“With my dad being a small hall show promoter he’s really struggled, and he’s been trying and trying and trying but financially it just doesn’t make sense [to put on a show]. I’m really hoping that it does come back for the sport in general because there’s a lot more than these televised fighters. There are hidden diamonds out there that can break through.

“It’s a real shame for the amateur boxers too and what they went through last year. You see the pain in them. They haven’t been able to train, never mind competing. I’ve actually had a few messages off people asking if I can do certain things. 

“Luckily, I think there was one or two small hall shows last year and I managed to get on one of them [in Liverpool] and I was out of pocket for that, but I love boxing that much. I’m blessed to have a few sponsors that I could afford to do that, and it has set me up nicely now, but it should never have to come to that for everyone and some people aren’t in the same position as me. I really hope it comes back.

“The income hasn’t been as good which is normal for everyone, but I’ve been able to survive. A lot of people have had to do something that they wouldn’t usually do to make ends meet and sacrifice certain things. I’ve been blessed and lucky to get through it. It’s been tough for everyone but we’re hopefully almost through it and, like I say, I’m very thankful for my sponsors who continue to support me through good times and bad times.”

A setback and a comeback live on the same street. A couple of nouns that marry into one another should they come together once a person overcomes adversity and moves on to a brighter day. It can relate to many incidents and experiences in boxing such as not being able to train, injuries, a ban or a heavy defeat. The latter is something that Bateson’s good friend and fellow Yorkshireman Josh Warrington suffered in May.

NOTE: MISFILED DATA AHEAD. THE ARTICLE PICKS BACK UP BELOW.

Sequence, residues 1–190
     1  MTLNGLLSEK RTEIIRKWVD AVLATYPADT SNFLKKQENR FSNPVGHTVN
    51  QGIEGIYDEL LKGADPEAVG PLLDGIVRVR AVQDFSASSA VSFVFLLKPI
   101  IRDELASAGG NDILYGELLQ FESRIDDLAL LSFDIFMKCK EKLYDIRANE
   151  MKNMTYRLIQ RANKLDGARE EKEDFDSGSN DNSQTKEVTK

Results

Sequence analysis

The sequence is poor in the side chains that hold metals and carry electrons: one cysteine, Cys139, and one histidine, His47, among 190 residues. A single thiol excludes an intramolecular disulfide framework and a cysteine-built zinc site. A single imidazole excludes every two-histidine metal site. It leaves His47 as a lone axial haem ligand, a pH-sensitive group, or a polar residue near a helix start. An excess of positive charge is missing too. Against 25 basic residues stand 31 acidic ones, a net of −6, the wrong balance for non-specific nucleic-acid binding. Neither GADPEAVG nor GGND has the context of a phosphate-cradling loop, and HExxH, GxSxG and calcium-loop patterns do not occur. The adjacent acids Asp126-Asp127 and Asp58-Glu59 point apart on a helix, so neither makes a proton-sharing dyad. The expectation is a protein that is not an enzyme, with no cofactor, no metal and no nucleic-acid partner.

The former IBF featherweight champion relinquished his belt to move on to bigger and better things in his eyes. Opponent Mauricio Lara was the roadblock that needed stepped over, not an articulated lorry to go through it. Turned out Lara was more than a roadblock; he was an 18-wheeler Mexican truck that ran through Warrington as soon as he was in his way. Warrington endured nine rounds of hell in February. A derailment of such significance that should a rematch take place this summer then it is win or bust for his career. It was a tough watch, but his friend’s nightmare was also a valuable lesson for Bateson.

“It was hard to watch to be honest. Josh is a good friend of mine and he’s a good lad,” said Bateson. “There’s arguments whether it was stopped too late. It’s a hard one because these refs have such a hard job on the night. With a champion like Josh and an underdog which was Lara it’s a hard one to call. That sort of fight proves this boxing game nothing is ever promised. Expect the unexpected. You could be the ultimate favourite and the other man is there to take you out. At the end of the day, it’s another man ahead of you and it’s between you two so you’ve got to perform. I watch fights and I notice little things; I won’t do that, and I won’t do that but it’s getting it right on the day and that’s the most important thing because we’re all good fighters at this level. It’s making sure you get it right on the day and that you have a game-plan and the right attitude going into the fight.

“Our city is looking forward and itching to support the likes of me and Josh and I’m really looking forward to these big nights. It’s on me now to create them for myself now that I’m getting these opportunities. I have seen Josh is back in the gym now. I know for a fact he’ll be back, and I know if that rematch comes off, which it’s looking like for Headingley, I’m sure he’ll be back on top and I’d love to be a part of nights like that.”

Ham is a risk for Bateson but that’s the way it should be after a dozen fights. We’ll find an awful lot out about the Englishman this weekend. By the end of Saturday, he hopes to have ripped off the prospect tag and replaced it with title contender.

Main image: MTK Global.